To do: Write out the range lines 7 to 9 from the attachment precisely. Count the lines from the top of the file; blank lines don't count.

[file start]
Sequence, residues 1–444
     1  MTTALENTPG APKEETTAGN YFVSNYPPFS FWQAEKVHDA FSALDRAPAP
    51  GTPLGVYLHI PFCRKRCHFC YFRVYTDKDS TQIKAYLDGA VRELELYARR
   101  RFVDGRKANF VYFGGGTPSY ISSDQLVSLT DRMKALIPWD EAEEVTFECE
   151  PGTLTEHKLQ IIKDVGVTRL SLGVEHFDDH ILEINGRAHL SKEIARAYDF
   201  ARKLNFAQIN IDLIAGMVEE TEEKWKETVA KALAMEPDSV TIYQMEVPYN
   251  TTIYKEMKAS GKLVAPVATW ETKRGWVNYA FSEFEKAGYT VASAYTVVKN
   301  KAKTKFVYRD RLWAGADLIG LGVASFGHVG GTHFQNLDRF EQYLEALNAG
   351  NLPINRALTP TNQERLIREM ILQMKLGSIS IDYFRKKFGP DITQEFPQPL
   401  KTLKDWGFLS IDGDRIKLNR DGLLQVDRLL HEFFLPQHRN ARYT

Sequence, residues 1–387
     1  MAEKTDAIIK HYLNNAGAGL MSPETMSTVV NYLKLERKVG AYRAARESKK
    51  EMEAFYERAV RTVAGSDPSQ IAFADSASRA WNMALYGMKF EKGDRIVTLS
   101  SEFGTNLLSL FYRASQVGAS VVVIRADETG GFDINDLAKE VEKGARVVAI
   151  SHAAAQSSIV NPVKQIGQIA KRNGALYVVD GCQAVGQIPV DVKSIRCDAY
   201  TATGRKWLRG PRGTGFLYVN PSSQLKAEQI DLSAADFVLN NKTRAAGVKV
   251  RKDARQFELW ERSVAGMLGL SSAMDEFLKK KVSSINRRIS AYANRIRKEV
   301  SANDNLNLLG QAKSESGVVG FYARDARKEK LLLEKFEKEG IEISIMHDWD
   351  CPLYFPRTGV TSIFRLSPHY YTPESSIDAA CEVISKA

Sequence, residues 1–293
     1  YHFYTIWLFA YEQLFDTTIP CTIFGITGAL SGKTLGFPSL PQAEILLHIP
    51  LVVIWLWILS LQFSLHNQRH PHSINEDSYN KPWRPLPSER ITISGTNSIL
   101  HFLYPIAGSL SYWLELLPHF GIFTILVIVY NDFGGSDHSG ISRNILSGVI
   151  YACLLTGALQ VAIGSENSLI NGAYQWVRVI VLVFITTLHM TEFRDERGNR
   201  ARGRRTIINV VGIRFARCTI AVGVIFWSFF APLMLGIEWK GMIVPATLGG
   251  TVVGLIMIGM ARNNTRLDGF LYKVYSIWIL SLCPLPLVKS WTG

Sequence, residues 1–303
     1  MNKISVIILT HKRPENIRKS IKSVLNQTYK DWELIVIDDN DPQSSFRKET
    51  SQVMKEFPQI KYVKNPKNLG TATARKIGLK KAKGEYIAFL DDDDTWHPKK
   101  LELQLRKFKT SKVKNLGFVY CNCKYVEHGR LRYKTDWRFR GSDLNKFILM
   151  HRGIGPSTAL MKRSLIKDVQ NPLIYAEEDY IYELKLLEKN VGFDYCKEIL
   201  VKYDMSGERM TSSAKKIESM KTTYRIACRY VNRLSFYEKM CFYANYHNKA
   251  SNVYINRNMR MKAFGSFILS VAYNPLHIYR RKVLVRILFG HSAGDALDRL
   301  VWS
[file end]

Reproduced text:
   251  TTIYKEMKAS GKLVAPVATW ETKRGWVNYA FSEFEKAGYT VASAYTVVKN
   301  KAKTKFVYRD RLWAGADLIG LGVASFGHVG GTHFQNLDRF EQYLEALNAG
   351  NLPINRALTP TNQERLIREM ILQMKLGSIS IDYFRKKFGP DITQEFPQPL